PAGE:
A fentanyl dealer who was involved in a car crash, threw away a shotgun at the scene, fled from police and hid in the forest on the north Island was sentenced to serve another 20 months in jail.
Justin John Chester of Courtenay was sentenced in Nanaimo on July 11 and the decision was published Thursday, July 22.
Chester, 32, pleaded guilty to charges of drug trafficking and unlawful possession of a firearm in relation to a series of events Nov. 25, 2019 that led to his arrest.
Chester was travelling in an SUV on the Island Highway near Port McNeill when the vehicle rear-ended a commercial vehicle. RCMP happened upon the crash scene and as the officer approached, Chester was observed throwing something into the bushes. Questioned about it, Chester told the officer it was car parts.
As Chester was being transported to hospital, RCMP discovered the thrown item had in fact been a 12-gauge shotgun, and police also spotted two purses with “a substantial sum of money” in the back seat of the SUV and seized the vehicle.
When police attempted to arrest Chester at the hospital, “his response was to resist and run,” the sentencing decision noted. The suspect lost officers in the forest and it took three hours, a police dog, and a “physical altercation” for police to arrest Chester, during which time a nearby school went into lockdown.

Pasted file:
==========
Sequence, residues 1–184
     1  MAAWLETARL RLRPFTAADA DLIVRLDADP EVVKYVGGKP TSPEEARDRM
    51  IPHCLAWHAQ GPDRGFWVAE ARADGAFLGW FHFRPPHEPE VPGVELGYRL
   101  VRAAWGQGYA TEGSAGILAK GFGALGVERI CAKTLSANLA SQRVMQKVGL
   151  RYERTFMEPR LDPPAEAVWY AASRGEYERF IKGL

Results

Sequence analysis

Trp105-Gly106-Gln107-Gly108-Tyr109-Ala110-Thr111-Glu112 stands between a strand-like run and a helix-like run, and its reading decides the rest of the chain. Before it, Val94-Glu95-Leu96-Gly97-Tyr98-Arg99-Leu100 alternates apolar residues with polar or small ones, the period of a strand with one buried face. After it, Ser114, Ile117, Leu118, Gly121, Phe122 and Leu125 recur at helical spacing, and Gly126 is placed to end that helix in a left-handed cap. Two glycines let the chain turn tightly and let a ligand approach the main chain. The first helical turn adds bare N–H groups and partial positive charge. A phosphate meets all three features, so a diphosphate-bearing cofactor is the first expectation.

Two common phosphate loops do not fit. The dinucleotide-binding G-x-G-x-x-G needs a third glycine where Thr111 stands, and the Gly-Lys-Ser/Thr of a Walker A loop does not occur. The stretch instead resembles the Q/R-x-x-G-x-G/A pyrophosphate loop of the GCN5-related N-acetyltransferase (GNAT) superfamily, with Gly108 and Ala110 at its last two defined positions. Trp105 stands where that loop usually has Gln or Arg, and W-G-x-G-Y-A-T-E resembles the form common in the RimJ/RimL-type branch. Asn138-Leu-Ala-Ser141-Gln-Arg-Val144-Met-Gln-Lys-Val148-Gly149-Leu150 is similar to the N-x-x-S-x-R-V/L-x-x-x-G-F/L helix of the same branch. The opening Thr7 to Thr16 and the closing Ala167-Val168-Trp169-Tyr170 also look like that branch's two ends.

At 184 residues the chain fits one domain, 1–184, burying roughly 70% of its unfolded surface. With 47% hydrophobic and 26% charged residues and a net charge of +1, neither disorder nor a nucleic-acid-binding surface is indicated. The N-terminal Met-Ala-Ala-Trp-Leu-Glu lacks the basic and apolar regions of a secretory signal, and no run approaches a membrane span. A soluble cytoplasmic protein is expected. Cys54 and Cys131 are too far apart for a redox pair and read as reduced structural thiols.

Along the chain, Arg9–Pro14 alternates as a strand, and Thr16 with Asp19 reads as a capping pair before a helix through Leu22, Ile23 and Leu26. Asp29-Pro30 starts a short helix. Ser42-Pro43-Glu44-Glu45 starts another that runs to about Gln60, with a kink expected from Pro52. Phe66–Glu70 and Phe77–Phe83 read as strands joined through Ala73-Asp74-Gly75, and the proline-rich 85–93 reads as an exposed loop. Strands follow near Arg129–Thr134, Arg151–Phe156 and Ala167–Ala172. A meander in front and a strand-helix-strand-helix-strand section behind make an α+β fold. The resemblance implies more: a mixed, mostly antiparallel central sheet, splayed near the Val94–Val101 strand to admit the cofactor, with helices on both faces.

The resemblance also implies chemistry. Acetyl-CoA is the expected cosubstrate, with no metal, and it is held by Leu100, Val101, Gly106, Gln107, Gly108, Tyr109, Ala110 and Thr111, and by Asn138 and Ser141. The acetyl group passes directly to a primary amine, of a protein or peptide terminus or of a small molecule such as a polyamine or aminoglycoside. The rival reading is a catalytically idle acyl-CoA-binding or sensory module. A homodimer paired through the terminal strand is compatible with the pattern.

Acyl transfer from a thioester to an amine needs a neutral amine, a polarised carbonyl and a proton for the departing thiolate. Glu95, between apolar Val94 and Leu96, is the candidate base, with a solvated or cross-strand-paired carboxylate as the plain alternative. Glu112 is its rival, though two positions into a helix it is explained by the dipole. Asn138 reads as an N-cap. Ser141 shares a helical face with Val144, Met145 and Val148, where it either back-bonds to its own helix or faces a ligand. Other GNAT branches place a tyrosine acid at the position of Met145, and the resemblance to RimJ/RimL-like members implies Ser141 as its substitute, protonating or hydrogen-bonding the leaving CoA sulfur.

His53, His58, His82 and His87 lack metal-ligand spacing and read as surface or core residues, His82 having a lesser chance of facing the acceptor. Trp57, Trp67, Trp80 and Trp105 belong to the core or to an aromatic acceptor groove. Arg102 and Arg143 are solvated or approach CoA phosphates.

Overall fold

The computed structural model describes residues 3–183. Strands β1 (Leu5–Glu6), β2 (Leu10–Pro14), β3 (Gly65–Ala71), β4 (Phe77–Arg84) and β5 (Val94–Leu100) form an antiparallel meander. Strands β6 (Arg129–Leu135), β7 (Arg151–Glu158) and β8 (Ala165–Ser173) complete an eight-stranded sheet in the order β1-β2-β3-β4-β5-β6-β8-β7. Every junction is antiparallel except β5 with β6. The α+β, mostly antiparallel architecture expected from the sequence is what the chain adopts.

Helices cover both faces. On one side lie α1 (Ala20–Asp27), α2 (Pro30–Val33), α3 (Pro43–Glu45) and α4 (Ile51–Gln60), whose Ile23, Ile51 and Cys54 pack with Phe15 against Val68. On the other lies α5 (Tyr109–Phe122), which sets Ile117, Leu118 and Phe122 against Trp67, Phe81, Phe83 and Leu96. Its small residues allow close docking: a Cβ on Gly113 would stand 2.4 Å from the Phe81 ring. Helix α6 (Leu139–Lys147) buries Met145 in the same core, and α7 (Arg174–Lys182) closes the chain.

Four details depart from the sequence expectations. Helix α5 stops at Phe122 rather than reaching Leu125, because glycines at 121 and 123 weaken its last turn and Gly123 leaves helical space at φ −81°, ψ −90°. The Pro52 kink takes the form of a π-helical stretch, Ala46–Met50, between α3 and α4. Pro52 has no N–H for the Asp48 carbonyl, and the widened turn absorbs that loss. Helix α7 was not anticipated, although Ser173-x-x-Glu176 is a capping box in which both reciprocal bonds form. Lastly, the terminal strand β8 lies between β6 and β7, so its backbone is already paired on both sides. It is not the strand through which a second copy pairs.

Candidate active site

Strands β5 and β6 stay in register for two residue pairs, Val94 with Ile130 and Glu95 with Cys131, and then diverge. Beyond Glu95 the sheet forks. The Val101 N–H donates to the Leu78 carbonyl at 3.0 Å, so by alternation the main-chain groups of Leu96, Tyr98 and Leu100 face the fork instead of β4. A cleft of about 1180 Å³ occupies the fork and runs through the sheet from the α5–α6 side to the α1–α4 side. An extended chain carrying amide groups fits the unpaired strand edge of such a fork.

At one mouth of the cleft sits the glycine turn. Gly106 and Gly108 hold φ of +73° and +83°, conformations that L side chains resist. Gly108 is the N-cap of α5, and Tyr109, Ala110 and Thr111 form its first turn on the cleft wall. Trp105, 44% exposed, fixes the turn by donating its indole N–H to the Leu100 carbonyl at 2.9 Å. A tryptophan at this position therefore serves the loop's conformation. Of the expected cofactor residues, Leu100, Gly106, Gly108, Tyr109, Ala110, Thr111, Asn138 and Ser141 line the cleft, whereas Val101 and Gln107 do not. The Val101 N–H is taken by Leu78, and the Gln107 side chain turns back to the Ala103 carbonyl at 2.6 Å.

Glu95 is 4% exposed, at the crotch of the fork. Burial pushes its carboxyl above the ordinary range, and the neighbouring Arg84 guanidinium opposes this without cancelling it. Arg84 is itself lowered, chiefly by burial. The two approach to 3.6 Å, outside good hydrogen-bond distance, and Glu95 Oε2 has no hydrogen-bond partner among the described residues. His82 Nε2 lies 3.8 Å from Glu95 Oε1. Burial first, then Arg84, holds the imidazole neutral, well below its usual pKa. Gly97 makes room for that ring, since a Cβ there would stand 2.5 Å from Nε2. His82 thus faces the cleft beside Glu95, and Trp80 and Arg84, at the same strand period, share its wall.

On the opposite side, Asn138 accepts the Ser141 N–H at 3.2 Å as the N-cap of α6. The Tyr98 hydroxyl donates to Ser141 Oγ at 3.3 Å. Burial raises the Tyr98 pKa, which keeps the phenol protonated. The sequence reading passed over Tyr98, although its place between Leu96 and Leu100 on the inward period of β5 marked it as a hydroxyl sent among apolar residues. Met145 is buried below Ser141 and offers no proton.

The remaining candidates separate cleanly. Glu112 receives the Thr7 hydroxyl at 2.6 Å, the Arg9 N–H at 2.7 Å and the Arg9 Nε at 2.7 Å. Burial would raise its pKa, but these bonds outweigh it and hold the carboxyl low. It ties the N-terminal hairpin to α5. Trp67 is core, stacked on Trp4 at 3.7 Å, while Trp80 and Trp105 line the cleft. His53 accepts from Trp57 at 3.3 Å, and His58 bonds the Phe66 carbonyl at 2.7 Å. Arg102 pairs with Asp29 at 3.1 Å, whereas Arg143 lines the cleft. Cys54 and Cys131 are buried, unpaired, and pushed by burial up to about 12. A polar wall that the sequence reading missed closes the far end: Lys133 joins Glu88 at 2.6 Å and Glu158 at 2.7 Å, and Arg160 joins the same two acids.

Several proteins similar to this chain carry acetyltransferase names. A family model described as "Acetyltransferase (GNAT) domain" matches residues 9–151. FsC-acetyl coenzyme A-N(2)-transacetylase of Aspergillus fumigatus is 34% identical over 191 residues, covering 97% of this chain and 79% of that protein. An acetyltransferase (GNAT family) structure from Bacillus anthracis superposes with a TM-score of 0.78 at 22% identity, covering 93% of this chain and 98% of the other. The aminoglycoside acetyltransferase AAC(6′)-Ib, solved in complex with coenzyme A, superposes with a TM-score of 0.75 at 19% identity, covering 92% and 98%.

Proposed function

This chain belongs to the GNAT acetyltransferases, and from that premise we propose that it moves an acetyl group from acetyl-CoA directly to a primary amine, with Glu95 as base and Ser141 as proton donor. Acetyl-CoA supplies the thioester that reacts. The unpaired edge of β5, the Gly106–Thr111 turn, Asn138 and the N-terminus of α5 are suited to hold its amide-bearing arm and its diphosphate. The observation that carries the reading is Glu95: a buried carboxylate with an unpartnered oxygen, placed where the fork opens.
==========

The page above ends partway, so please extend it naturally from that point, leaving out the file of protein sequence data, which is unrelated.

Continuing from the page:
A later search of the SUV yielded 34.5 grams of fentanyl worth an estimated $4,000 to $10,000, baggies and other evidence of drug dealing, and $10,000 cash.
The sentencing judge, Justice James Williams, noted Chester’s “lengthy, serious and persistent” criminal record that included at least two previous drug-trafficking convictions and “many” jail sentences.
Chester told the court that he is “bound and determined to make real changes in his life and to break his pattern of criminal offending,” and specifically asked to serve his sentence at Guthrie House therapeutic community at the Nanaimo Correctional Centre.
He agreed with the Crown’s request of a four-year sentence, which reduces to 20 months factoring in time already served.
The judge said he is inclined to accept Chester’s expressed intentions to make serious life changes.
“If that is so and if he is able to embark upon a rehabilitated course of life, that will provide society its greatest protection. If he fails to do so, I have little doubt that he will be apprehended and that a substantial prison sentence will seem to be the only possible outcome,” the judge said.